Recipe 3.2. Creating a Color Scheme


You need to select colors for your site's background, text, links, and other elements.


Choosing a color scheme for a site might be the most subjective task confronting a web designer. Of the nearly infinite number of color combinations at your disposal, there are certainly more than a few right ones for your site, as well as many wrong ones.

Choosing the right colors can have a big impact on how your site is received by visitors, while the wrong combination can just as easily repel them. But differentiating right from wrong has less to do with opting for, say, a shade of light purple over a shade of light green, than it has to do with choosing a palette of colors that supports your design and the goals of your site.

With that in mind, follow this checklist when developing a color scheme for your site:

Follow the lead of the materials you already have.

Your favorite color may be flaming red-orange, but you'll have to hide your light under a bushel if your project already has an existing logo or offline material that employs an orange-free color scheme. Using a web design project to branch out visually from an established color scheme will cause credibility issues for your site. Don't shock visitors with a color scheme that bears no resemblance to the other "touch points" by which they know yoube it your catalog, your packaging, your delivery vehicles, the neon sign in your store front window, or something else.

Use a background color that does not weaken text legibility.

White wins the contest for most popular background color because usability studies have shown that white provides the best background on which to read web site content. Choosing to use black or dark text over a white background doesn't preclude the use of other colors in design elements such as borders, navigation bars, and display copy. But it does lower the level of difficulty associated with devising a complementary color scheme that doesn't sacrifice readability.

On the other hand, a non-white background offers a canvas on which to design a distinctive and visually compelling site. The hue-saturation-brightness interface to your favorite color picker is a good place to find complementary pairs of colors. Pairs of background and text colors that vary only in brightness will naturally enhance one another, while preserving readability.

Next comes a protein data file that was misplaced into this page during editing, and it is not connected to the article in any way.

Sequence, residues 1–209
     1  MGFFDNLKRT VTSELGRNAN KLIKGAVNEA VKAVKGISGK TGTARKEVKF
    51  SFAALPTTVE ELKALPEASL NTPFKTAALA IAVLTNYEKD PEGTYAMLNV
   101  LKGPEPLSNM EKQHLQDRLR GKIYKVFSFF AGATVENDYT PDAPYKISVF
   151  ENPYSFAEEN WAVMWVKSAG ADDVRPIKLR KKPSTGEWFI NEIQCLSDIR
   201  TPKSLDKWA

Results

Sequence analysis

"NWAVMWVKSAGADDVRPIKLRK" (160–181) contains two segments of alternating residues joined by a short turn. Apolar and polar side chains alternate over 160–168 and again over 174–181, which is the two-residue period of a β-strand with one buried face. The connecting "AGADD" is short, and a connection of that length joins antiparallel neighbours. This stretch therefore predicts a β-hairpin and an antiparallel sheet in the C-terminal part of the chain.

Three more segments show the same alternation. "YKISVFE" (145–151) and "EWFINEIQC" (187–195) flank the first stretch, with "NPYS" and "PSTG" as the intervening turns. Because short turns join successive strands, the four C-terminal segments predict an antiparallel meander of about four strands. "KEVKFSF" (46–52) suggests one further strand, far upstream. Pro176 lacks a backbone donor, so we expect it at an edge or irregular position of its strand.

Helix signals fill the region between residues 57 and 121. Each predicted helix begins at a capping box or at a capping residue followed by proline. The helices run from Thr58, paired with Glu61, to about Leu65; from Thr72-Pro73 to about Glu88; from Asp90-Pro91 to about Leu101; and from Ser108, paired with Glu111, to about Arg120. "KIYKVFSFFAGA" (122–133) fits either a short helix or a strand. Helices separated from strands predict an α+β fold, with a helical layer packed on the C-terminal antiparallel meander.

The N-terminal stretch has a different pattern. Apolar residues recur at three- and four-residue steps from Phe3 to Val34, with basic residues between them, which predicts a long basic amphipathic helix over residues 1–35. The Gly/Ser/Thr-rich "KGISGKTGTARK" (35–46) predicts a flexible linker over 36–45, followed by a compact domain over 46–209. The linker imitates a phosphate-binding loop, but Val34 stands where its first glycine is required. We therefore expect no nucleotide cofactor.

Always specify colors for text and links.

To prevent a browser's default color values from clashing with your color scheme, start your stylesheet with rules for the text and link colors, as well as the background color:

 body {  background-color: #FFFFFF;  color: #000000; } a:link {  color: #0000FF; } a:visited {  color: #333333; } 

Choose and use colors that help highlight information.

A guiding tenet of graphic design asserts that a good design works equally well with color and without. In other words, you shouldn't rely on color to validate design decisions about type sizes and layout. The color red can make a smallish headline stand out, but that headline should probably be bigger regardless of its color. However, a web site that uses color effectively obviously has an advantage over a "colorless" web site or a site that uses color indiscriminately. That's because color accentuates the context of your web site content. Bright, strong colors help visitors focus on the most important parts of your site, but if everything is strongly colored, then nothing stands out.


Creating a color scheme requires some familiarity with how colors relate to one another, practice, and a bit of experimentation. By learning a few tricks, you'll be able to whip up beautiful, professional color schemes at a moment's notice. Don't rely on small swatches to make your color decisions, though. Mock up some text on a sample web page and take your color choices for a test drive.

First, use a color wheel or color picker, such as the one in Photoshop, to experiment. A color wheel displays the red-to-violet rainbow of colors wrapped back on itself in a circle. Points on the circle identify colors that harmonize with each other (see Figure 3-3). Analogous colors, like blue and teal, lie next to each other on the wheel and can work together in a low-contrast, understated scheme. Complementary colors at opposite sides of the wheelsuch as purple and greencombine in more dramatic schemes. Even richer color combinations can be found by combining color triads from three points of a equilateral triangle on the wheel. If you don't know where to start on the color wheel, take a favorite image (or the site's logo), optimize it as a JPEG or GIF, and zoom in on it until you can see individual pixels. Adjacent pixels are usually complementary colors.

Figure 3-3. Points on a color wheel identify color combinations that go together

When you've exercised on the color wheel long enough, step away from your computer and pay attention to your surroundings. Mother Nature is the supreme color expert. A walk in the outdoors can reveal surprisingly obvious color combinations that work well on a web site, too. Everyday objects also can be a source of inspiration. Keep a clipping file of color schemes you find attractive, whether it's a cereal box or conversion van artwork. Take note of how the notable color schemes you collect complement their subject and affect your emotions.

See Also

Other design considerations are covered in Recipes 3.1 and 4.3.

There are several addictive point-and-click online tools for mixing and matching colors from a color wheel, including the Webmaster's Color Laboratory (, ColorWhore (, and the Color schemes generator 2 (

Web Site Cookbook.
Web Site Cookbook: Solutions & Examples for Building and Administering Your Web Site (Cookbooks (OReilly))
ISBN: 0596101090
EAN: 2147483647
Year: N/A
Pages: 144
Authors: Doug Addison

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